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Democrats Hope to Re-Take WV-03

By Staff | Jun 28, 2017

Richard Ojeda (D), a freshman member of the West Virginia Senate (pictured right), hopes to succeed outgoing Representative Evan Jenkins (R) in West Virginia’s third congressional district.

“We deserve better,” said Ojeda in an interview with Graffiti. The people of the third district “built this nation with the steel that came from our coal, yet we have horrible roads, [the] lowest paid teachers and corrections officers in America, inadequate water and sewer, and no broadband and cell service in the majority of our areas.”

Jenkins, a former Democrat, is leaving the seat to compete in the Republican primary to face United States Senator Joe Manchin, III (D).

Ojeda believes 2018 will be a good year for Democrats not just in West Virginia, but across the country.

“I think we should pick up seats because the Republicans at all levels have not followed through with their promises,” he said. He also stressed the need for Democrats to listen to their constituents and focus on achieving legislative promises.

Ojeda pointed to his ability, as a freshman member of the minority party, to pass medical marijuana legislation in the state senate as proof of his desire to listen to his constituents and then follow through with campaign promises.

Lacey Connelly, the executive director of the West Virginia Young Democrats, agrees with Ojeda’s assessment of potential Democratic gains in 2018.

“The Democratic Party absolutely plans to give the Republicans a run for their money, not only in this district, but in all three. Congressional district 3 is a working class district that desperately needs economic investment; their voters have been the foundation of the Democratic Party for decades.”

Ojeda plans to be as visible as possible during the campaign.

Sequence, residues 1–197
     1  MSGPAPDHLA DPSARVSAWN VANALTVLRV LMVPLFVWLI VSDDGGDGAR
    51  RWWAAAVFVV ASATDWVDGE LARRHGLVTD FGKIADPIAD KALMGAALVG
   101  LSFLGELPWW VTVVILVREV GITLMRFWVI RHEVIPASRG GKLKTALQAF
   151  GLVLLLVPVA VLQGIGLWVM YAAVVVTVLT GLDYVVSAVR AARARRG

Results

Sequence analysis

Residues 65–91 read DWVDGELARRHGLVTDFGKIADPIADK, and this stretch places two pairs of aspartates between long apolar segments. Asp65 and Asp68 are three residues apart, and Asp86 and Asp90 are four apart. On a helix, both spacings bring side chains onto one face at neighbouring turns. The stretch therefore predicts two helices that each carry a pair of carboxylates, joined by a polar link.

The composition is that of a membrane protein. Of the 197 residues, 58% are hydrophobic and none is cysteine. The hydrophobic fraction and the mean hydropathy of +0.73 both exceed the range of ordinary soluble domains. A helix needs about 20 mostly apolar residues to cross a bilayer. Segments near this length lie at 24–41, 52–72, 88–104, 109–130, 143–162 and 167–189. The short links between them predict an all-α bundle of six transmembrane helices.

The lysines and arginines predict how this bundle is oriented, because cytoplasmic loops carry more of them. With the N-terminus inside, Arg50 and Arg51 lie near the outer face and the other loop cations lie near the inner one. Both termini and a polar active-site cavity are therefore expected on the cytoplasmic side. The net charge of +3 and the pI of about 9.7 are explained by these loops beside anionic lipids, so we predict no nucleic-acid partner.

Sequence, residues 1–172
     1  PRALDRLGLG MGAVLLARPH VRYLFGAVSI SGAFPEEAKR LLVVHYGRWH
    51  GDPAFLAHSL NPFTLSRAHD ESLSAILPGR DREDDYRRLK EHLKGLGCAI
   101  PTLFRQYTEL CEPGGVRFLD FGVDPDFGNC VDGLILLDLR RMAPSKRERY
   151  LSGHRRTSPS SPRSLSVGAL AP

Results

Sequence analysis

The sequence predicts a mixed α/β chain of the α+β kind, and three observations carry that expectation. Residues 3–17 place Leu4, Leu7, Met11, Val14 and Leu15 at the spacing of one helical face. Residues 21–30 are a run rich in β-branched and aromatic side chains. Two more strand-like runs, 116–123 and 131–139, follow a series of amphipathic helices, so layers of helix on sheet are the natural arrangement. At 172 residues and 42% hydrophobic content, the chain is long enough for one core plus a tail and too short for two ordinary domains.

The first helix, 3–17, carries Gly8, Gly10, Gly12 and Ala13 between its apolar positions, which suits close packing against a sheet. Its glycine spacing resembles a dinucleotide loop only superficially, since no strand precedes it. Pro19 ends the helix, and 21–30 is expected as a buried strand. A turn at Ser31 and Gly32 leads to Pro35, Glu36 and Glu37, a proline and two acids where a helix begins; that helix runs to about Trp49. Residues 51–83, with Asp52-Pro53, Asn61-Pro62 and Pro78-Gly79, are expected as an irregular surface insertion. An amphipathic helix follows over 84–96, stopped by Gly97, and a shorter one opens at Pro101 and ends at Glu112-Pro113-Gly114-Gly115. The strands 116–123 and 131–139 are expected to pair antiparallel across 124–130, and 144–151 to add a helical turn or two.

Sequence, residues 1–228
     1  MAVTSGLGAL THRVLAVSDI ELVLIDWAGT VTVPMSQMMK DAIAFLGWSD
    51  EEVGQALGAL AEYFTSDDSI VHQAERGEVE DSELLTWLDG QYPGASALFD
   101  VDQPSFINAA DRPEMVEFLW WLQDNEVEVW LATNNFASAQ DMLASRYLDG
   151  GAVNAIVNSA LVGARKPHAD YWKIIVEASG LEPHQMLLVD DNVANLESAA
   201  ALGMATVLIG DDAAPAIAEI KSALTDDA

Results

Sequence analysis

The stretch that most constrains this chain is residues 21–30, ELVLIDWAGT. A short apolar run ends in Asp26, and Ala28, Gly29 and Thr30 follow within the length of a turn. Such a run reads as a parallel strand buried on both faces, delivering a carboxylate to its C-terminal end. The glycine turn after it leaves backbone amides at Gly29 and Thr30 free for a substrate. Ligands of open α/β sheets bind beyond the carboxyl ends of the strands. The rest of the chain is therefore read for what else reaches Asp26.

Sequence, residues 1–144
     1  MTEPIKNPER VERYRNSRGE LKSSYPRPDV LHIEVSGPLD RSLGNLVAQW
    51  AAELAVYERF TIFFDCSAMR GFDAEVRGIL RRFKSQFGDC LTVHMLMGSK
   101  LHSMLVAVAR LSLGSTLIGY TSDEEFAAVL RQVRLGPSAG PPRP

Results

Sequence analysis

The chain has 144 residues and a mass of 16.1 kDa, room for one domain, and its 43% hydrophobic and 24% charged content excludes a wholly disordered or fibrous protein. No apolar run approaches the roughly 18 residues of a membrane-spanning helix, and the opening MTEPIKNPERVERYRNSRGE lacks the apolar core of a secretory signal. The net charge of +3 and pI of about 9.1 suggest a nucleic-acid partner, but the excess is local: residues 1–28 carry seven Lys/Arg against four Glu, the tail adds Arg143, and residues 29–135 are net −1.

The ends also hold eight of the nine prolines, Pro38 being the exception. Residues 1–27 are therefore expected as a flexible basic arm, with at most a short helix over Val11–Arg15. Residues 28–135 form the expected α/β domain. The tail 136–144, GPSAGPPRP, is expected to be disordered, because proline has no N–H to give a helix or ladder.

“I love campaigning,” he said. “I love when I go to areas where people say ‘I’ve never seen a politician up in these parts.'”

Jenkins defeated 38-year incumbent Nick Joe Rahall in 2014, a universally bad year for Democrats, but Ojeda believes Jenkins hasn’t followed through for southern West Virginia.

“What has he really done?” Ojeda asked in regards to the incumbent Jenkins. “I don’t see anything other than photo ops.”

Ojeda challenged Rahall himself, that same year, in the Democratic primary, but fell short with 34 percent of the vote.

Connelly believes young voters are in a strong position to move change in the coming election cycle.

“It’s not just the power of their vote,” she said. “If young people actively seek ways to invest their time in the political process-knocking doors, making phone calls, talking to their friends vs. arguing on Facebook-we can bring other voters with us. And the message that we need to send is that we want politicians in office who are looking forward, not back.”

The third congressional district stretches across the southern part of the state and includes Huntington, Bluefield, and Beckley.

Rahall held the seat from 1977 until his defeat by Jenkins in 2014. From 1972 until 1992, the seat was numbered the fourth congressional district, but a declining population cost West Virginia a seat and it was re-apportioned the third.

No other Democrats have yet launched campaigns for the seat. Two Republicans, former WV Delegate Rick Snuffer, and Delegate Rupie Phillips, Jr., a former Democrat, have both launched campaigns.

H. S. Leigh Koonce is a sixth-generation West Virginian. He writes from Jefferson County.